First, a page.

French cinema is gearing up for a watershed moment on Friday when “An Officer and a Spy,” the latest movie from Roman Polanski, competes for 12 César awards. The results will be seen as a verdict on how far the industry – and the country – has come in the #MeToo era.
In the same week that disgraced Hollywood mogul Harvey Weinstein was convicted of rape and a criminal sexual act, Polanski’s film leads the nominations at France’s equivalent of the Oscars.
It tells the story of a French army captain, Alfred Dreyfus, a Jew, who was falsely accused – and convicted of – treason in 1894. It is considered one of the most infamous wrongful convictions in French history and Dreyfus was eventually exonerated.
But Polanski’s past means the film’s 12 nominations, which include Best Director and Best Film, have proven deeply controversial.
The 86-year-old Franco-Polish director pleaded guilty to having sex with a 13-year-old girl in the US in 1977 but fled before sentencing. He has been a fugitive from justice ever since.
The film’s release is what prompted Valentine Monnier, a French photographer and former actress to speak out last year.
In an open letter published by French newspaper Le Parisien last November, Monnier said the Oscar-winning director violently raped her when she was 18.
Now 62, Monnier said the alleged rape and assault happened at Polanski’s chalet in the Swiss ski resort of Gstaad in 1975.
“I thought I was going to die,” Monnier wrote in Le Parisien.
Polanski disputed all of Monnier’s allegations, “in the strongest terms,” according to his lawyer, Hervé Temime.
“I want to remind everyone that these allegations relate to events that are 45 years old,” Temime said. “I deplore the publishing of these accusations in Le Parisien on the eve of the film’s release.”
Temime threatened legal action against Le Parisien at the time but did not follow through.
In 2017, a German actress filed a complaint alleging she had also been raped by Polanski in Gstaad as a minor in 1972. The Swiss prosecutor in that case said the statute of limitations at the time of the alleged assault was 15 years, and the allegation did not result in any criminal charges. At the time, a lawyer for the director called the allegations an absurd attempt to generate media attention.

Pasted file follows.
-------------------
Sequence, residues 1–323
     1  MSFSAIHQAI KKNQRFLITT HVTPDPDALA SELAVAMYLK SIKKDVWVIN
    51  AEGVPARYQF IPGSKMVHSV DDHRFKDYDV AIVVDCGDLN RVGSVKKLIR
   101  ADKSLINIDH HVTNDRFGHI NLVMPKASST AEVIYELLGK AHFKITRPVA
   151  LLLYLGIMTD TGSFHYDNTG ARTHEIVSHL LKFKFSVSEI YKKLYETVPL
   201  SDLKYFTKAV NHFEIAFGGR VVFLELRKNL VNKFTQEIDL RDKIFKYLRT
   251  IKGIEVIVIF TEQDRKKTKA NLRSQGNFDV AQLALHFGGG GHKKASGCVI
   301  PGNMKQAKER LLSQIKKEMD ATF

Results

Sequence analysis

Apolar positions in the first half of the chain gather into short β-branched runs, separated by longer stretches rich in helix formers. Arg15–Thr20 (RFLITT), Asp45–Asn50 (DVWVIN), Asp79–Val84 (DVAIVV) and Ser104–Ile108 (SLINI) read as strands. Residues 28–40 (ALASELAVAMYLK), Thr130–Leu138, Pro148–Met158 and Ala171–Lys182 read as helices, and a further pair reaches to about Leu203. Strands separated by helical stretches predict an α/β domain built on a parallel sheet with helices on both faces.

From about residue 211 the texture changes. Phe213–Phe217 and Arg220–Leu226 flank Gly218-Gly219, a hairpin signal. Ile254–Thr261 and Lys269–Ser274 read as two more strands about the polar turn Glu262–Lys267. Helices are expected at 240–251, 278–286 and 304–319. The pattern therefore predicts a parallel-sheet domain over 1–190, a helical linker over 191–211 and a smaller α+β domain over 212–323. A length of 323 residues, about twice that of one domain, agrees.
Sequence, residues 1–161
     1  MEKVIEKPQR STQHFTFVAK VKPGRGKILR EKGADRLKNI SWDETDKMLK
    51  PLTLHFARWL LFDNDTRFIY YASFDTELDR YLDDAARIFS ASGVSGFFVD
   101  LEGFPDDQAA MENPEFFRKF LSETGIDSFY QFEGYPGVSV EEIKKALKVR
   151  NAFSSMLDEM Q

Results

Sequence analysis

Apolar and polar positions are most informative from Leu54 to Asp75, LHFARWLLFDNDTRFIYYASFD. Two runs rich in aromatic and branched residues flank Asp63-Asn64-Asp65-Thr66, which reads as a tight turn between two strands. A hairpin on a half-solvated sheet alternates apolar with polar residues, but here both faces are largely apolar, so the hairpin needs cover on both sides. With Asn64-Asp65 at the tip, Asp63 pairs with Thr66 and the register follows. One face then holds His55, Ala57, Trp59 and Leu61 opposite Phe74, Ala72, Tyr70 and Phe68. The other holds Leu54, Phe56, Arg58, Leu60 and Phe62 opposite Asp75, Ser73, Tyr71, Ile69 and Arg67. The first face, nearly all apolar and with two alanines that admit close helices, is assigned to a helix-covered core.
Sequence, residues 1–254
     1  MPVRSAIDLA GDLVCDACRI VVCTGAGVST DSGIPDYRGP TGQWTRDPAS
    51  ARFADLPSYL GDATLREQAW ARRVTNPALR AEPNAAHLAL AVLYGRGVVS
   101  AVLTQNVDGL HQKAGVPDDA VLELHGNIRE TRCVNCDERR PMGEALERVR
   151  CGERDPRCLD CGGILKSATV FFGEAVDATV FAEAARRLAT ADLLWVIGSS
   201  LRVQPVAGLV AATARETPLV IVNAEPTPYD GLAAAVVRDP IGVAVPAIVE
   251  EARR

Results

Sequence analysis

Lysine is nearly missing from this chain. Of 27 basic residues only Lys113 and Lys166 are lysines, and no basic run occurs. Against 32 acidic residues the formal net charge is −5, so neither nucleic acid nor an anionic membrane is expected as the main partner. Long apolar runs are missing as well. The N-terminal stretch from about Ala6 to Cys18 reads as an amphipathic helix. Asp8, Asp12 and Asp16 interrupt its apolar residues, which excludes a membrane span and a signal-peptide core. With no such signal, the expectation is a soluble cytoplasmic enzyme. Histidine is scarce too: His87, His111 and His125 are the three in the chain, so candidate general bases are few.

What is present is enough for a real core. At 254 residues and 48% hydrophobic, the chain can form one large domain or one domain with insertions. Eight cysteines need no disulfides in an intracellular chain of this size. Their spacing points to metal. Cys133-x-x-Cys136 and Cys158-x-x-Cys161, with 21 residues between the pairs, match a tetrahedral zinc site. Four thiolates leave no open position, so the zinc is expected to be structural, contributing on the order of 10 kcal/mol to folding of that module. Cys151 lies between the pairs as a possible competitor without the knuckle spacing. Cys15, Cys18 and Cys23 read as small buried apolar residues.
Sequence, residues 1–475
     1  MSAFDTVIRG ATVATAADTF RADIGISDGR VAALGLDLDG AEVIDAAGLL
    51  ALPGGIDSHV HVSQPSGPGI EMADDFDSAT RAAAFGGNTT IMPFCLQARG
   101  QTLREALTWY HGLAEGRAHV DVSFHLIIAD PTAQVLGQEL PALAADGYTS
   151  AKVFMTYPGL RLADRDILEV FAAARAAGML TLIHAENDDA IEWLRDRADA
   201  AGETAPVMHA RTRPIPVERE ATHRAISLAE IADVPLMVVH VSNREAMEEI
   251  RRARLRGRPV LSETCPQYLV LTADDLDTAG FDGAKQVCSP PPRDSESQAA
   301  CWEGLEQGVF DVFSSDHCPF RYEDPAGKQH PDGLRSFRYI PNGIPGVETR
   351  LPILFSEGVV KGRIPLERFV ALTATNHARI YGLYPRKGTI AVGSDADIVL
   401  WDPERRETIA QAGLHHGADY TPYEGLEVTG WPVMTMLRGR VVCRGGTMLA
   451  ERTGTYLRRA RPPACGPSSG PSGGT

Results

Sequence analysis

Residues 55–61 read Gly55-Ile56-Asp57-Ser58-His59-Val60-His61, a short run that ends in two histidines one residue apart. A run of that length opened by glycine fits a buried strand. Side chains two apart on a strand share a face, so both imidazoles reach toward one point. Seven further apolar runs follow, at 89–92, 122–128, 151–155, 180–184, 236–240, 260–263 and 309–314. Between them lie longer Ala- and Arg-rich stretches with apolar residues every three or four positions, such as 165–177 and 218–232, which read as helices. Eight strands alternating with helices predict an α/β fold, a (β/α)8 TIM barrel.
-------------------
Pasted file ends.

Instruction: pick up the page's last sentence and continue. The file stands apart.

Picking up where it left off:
Polanski turned down CNN’s request for an interview, but said in a statement that he couldn’t attend the César awards ceremony because he didn’t want to “face a self-proclaimed court of opinion ready to trample on the principles of the rule of law so that the irrational can once again triumph unchallenged.”
“We already know how the evening will unfold. Activists threatening me with a public lynching,” he said, in a reference to feminist activists who have vowed to protest outside the venue.
Polanski went on to thank the 200 “remarkable talents” who worked with him on the film and say part of what kept him from attending was the need to protect his family.
The movie has done well at the box office, despite the controversy, with more than 1.6 million tickets sold, according to the latest figures from the French National Cinema Center.
On the day of the announcement of the film’s 12 nominations in late January, the then President of the César Awards Alain Terzian said the Academy was “not a body that should take moral positions.”
The foreign journalists who hand out prizes for the best French films at the Lumières - the country’s equivalent of the Golden Globes – gave Polanski Best Director in January for “An Officer and a Spy.”
The group’s president, Lisa Nesselson, told CNN: “It would have been abhorrent if [the movie] had not been nominated in multiple categories, because every frame of this film exudes excellence.” She added that César members shouldn’t decline to vote for the film because of “something that’s been common knowledge for 43 years” – a reference to the 1977 case.